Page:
An old man in denial in Cayucos

Dell Franklin and Wilbur

Editor’s Note: The following series, “Life in Radically Gentrifying Cayucos by the Sea,” to be posted biweekly includes the notes, thoughts, and opinions of an original American voice: author Dell Franklin.

By DELL FRANKLIN

This piece has nothing to do with the gentrification of Cayucos, but instead, the sad and alarming story of an old man (me) who was convinced he still looked young and was also, as a confirmed bachelor, a fairly good housekeeper.

Then I had cataract surgery in my right eye and elected to splurge on the miraculous toric lens because, as a passionate reader, I was having a terrible time reading, the print blurring and going dark even with bifocals.

Otherwise, though, I seemed to be seeing things okay and was not color blind, and when I looked in the mirror I saw a mop of brown hair barely tinged with gray and all of it still standing, for an old man with a wealthy mane of hair looks considerably younger than a bald old man.

I was pretty proud of my looks and for years had argued with Miranda, my lady friend of 30 years, that my hair had not turned gray as she insisted it had.

Well, when I awakened the following morning after cataract surgery and took off the eye patch and hurried to gaze into the mirror at myself, I was shocked and brutally demoralized at what I saw. My hair had not a tinge of brown, in fact was gray with tinges of silver. The beard I’d been growing, which I felt was neatly clipped and shaped to precision with scissors, was a misshapen mess, sprouting here and there. My once seemingly smooth face was a welter of wrinkles and actual crags, and there were bags under my eyes.

I  hadn’t slept well after the surgery and looked, at 77, like a decrepit 85-year-old, a scrofulous old duffer.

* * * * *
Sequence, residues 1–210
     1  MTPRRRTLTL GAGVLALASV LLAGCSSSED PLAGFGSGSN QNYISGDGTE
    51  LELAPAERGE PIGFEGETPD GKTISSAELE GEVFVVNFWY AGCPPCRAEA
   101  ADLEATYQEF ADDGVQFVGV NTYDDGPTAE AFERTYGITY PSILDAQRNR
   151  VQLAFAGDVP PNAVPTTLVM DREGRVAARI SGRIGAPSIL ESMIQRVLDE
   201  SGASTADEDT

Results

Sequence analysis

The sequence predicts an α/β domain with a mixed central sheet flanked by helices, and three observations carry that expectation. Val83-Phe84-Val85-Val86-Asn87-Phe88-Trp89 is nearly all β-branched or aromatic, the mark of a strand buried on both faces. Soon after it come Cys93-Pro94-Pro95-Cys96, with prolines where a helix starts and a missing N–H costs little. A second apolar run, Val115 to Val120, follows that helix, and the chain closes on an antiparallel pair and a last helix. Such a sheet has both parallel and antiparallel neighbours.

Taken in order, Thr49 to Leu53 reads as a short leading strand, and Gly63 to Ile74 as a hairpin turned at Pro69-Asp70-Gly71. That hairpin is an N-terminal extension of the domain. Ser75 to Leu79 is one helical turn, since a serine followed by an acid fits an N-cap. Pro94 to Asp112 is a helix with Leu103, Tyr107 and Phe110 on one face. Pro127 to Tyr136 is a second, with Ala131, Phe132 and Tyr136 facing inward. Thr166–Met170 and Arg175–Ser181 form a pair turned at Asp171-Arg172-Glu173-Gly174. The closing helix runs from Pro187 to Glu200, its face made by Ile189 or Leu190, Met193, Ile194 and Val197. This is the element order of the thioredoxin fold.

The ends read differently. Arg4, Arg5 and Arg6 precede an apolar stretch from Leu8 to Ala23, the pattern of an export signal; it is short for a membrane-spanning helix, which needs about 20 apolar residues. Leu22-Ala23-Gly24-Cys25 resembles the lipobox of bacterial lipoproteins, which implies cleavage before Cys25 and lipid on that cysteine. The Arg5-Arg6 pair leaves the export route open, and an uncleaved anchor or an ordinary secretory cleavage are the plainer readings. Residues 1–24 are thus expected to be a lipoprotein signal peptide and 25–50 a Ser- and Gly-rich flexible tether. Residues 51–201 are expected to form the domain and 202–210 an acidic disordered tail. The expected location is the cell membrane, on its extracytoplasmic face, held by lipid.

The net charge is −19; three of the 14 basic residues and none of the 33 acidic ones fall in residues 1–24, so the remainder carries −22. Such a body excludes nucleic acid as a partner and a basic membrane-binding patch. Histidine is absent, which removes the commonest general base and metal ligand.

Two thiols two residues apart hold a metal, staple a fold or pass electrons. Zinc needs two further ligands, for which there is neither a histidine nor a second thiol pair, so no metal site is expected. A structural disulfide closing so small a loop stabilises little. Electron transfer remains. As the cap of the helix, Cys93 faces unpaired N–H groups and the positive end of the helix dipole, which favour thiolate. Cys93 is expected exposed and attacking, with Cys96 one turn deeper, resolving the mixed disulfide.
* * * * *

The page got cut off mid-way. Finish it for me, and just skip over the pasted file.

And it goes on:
In shock, I walked into another room muttering to myself, returned to the bathroom and again inspected myself and broke out laughing. My sight was so crystalline that every pore was exposed. I brought out the clippers and carefully snipped at my now mostly salt-with-specks-of-pepper beard which I had thought was mostly pepper-with-specks-of-salt.

Since I could  now actually see, it appeared I did a pretty decent job. I peered at my teeth and rejoiced that they weren’t yellow and corroded.

Then, in the kitchen, as I began to prepare my coffee, I couldn’t help but glance at the floor, and again I was aghast at what I saw. It was filthy, caked with brown smudges. The corners under shelves were littered with dog hair and dust and dirt. The low cupboards were streaked with gunk that had dripped from the counter, as I have been cooking just about every day and night during this pandemic for nearly a year now.

I got out the broom and swept, then mopped and scrubbed the damn kitchen floor twice as my dog looked on, shocked at this unusual whirlwind of activity.

All day long new reminders of my sloppiness and negligence continued to pop up. Dust was everywhere and on top of everything. Had I dusted much? No. Why dust when you can’t see any dust? I went on a dusting rampage, filling the air with sifting motes of dust, batting it away with my duster, and sneezing.

The following day, after snipping a nest of nose hairs with my scissors, came the stove. Out came the steel wool. My arthritic finger joints stiffened and throbbed, but I plodded on.

I walked around with a soapy wet rag and dabbed here and there at everything in the tiny house. The bathroom, my pride and joy, which I felt was immaculate, was not. Sweeping and mopping, dusting and scraping.

I’m still at least 35% behind, but I can read again. And when I finally was able to play tennis and dreaded hitting on the side of the court with shadows, I no longer lost the ball in these shadows and had to back up and be handcuffed, but saw the ball clear a bright pathway through the shadows, and I easily lashed it and found, after ten minutes of eye-fluttering, that my game picked up a good 25%.

For years I put off cataract surgery because, like a lot of old men, I was in denial and hated going to doctors and am generally so steeped in laziness during an extended retirement that I dawdle and procrastinate and often find myself forgetting, or downright refusing, to do what I’m supposed to do while doing absolutely nothing and having absolutely nothing to do most of the time anyway.

But I can now donate enough time to peer into the bathroom mirror with my new good eye closed and observe the old brown-haired near wrinkle-free face, and then close my old bad eye and laugh out loud at the wizened, grizzled visage that gleams out at me, every wretched detail highlighted, like the first technicolor movie, bringing me back to the coldblooded reality of my descent into the final stages of utter dissipation.

All you can do is laugh.

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